Charles Sumner CentenaryThe American Negro Academy. Occasional Papers No. 14

The three lawyers for the university, Registrar Canada, and President Middlebush, seated themselves at the defense table. About people crowded into the Boone County courthouse to view the proceedings. As Houston scanned the crowd, however, he saw more white faces than black faces. The heat temperatures rose to over degrees in the afternoon , the distance of Columbia from centers of black population, the lack of public transportation, and the fact that two blacks had recently been lynched in the Columbia vicinity all might have reduced the number of black spectators.

Many in the crowd were white farmers. A serious drought had hit central Missouri. Dozens of farmers had traveled to Columbia to seek relief from county welfare agencies located in the courthouse. When the relief lines got too long, farmers wandered into the courtroom to observe the rare spectacle of Negro lawyers performing. In addition to the farmers, about one hundred law students from the University of Missouri came to learn about the case that had put their school in the news.

Houston noted that blacks and whites sat together in the courtroom. Missouri practiced selective—not pervasive? Sidney Redmond opened the hearing with a factual statement of the case for Lloyd Gaines. In general, Edgerton commended the new data published in the report by Willcox and Du Bois, as well as the useful ways in which the presentation of the data made comparisons over time and region easier p. He made suggestions about data that should be collected during later censuses. Not so much because he possesses some negro blood, and under our social conventions is accounted a negro.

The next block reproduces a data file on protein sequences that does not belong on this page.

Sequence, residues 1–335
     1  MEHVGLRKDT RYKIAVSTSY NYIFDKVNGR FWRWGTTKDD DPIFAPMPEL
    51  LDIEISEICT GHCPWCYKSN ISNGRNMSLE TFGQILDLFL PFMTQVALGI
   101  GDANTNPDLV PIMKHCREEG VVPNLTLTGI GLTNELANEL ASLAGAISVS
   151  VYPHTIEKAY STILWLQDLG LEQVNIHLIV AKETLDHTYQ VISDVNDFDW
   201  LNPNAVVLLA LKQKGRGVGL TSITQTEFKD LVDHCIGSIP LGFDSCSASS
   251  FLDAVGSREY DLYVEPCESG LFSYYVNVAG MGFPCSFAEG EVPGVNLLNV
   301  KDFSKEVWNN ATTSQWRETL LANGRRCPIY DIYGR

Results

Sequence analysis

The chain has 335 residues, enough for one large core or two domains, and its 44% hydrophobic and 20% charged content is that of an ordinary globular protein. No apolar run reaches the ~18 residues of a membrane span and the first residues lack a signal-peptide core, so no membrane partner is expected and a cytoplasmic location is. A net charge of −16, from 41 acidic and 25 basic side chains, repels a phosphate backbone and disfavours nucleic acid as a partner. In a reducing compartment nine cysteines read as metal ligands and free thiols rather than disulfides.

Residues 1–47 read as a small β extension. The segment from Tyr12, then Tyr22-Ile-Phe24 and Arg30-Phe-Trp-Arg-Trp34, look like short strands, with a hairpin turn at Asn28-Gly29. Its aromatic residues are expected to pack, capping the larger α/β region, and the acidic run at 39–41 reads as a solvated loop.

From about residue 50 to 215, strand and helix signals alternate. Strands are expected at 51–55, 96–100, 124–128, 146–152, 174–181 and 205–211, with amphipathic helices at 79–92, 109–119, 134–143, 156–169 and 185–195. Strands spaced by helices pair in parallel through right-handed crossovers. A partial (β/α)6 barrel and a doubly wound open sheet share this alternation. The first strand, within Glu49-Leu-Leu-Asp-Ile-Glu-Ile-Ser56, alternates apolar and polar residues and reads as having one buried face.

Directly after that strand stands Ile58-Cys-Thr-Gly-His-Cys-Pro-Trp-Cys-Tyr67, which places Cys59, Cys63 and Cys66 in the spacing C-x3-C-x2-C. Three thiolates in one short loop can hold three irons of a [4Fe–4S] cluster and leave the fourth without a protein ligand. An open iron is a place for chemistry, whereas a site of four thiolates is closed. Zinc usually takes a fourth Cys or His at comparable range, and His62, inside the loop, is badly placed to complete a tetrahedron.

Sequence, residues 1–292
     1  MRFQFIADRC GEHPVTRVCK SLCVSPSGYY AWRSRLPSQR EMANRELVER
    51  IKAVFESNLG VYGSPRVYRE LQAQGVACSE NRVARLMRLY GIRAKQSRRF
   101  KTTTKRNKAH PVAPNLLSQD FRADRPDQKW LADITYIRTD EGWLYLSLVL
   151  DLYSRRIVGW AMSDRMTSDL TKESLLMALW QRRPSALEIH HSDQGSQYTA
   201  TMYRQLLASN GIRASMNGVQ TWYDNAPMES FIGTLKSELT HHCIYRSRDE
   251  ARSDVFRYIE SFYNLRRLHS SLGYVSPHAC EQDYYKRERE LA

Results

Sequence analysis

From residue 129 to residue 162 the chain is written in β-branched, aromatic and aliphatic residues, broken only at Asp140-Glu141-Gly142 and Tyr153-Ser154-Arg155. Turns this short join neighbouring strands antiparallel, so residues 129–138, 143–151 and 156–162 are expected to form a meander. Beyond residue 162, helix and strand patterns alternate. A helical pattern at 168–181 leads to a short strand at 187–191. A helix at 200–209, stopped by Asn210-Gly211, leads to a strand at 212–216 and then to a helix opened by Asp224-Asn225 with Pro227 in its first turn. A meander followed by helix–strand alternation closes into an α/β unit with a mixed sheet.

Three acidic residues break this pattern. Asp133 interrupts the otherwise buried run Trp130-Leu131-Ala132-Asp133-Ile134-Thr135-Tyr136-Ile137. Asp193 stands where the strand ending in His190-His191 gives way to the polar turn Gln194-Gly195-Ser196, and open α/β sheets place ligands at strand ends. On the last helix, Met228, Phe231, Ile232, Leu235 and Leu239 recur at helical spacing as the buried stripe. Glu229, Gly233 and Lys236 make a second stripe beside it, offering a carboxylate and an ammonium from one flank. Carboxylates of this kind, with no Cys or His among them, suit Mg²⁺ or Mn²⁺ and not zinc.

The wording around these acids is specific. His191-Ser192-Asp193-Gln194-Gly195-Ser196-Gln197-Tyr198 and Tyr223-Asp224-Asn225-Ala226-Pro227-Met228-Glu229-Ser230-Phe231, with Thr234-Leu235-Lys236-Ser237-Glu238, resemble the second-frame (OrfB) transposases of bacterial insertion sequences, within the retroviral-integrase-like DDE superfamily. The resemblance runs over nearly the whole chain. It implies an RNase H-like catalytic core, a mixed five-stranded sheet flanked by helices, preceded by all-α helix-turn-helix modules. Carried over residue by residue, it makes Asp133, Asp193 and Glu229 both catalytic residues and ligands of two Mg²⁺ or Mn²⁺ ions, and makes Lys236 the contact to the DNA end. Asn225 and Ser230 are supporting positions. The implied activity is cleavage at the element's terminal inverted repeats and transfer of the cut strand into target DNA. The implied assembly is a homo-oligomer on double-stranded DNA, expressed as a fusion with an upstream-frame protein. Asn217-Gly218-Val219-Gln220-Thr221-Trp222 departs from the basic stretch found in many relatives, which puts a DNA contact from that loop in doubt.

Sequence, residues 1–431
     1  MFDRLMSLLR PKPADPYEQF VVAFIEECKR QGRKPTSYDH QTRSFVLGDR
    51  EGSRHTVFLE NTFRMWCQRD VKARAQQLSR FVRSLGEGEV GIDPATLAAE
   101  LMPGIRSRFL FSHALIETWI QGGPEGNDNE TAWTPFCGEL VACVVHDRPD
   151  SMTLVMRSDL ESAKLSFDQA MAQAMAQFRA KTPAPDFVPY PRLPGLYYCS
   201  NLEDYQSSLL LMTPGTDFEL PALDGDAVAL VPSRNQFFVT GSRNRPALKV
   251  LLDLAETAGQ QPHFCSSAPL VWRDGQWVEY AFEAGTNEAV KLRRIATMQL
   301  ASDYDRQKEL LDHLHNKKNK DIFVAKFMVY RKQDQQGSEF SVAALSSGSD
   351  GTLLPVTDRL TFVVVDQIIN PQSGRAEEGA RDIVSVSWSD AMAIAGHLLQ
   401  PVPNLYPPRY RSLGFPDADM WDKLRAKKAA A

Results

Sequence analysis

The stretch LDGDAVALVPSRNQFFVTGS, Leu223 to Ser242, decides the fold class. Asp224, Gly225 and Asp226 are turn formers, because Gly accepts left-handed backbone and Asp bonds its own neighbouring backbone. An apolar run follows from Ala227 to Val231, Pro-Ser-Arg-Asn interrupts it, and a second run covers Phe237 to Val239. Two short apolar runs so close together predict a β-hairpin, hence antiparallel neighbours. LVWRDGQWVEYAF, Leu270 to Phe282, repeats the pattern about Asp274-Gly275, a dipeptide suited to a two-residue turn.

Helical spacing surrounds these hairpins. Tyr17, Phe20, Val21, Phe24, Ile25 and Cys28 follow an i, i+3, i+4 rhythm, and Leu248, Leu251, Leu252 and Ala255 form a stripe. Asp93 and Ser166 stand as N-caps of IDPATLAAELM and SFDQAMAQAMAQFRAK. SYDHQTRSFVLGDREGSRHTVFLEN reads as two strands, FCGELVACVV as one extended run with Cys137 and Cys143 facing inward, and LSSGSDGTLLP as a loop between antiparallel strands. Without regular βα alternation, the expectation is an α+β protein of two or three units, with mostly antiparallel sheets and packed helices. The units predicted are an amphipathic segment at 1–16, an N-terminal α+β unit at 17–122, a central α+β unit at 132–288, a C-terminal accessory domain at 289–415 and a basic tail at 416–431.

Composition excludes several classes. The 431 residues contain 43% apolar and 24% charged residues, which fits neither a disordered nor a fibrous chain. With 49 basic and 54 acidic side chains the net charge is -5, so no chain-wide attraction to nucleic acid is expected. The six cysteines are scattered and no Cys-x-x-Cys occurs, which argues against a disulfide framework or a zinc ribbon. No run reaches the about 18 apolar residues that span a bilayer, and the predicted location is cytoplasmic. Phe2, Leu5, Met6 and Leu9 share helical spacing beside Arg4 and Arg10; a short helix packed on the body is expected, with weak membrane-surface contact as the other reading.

He was born in Massachusetts, not among the cabins of the cotton kingdom; and his spiritual affinity, if not with his white kin rather than his black, is at least with the instructed rather than the simple. But, after his sociological training at Harvard and Berlin, and after his service at the University of Pennsylvania, he turned to work for the negroes of the South.

He has studied their condition with a trained eye and a passionate interest. He has been the moving spirit of the Atlanta negro conferences. He has directed the valuable investigations of special topics, such as the college-bred negro, the negro common schools, and negroes in business, the results of which have been published by Atlanta University. His more personal observations and conclusions have been given in various magazines, and in his book, "The Souls of Black Folk. Also to be stated is that "Negro" was not capitalized in the original.

It was entitled "The Souls of Black Folk". Du Bois reached the following conclusion: In its larger aspects the style is tropical — African. This needs no apology. The blood of my fathers spoke through me and cast off the English restraint of my training and surroundings. The resulting accomplishment is a matter of taste.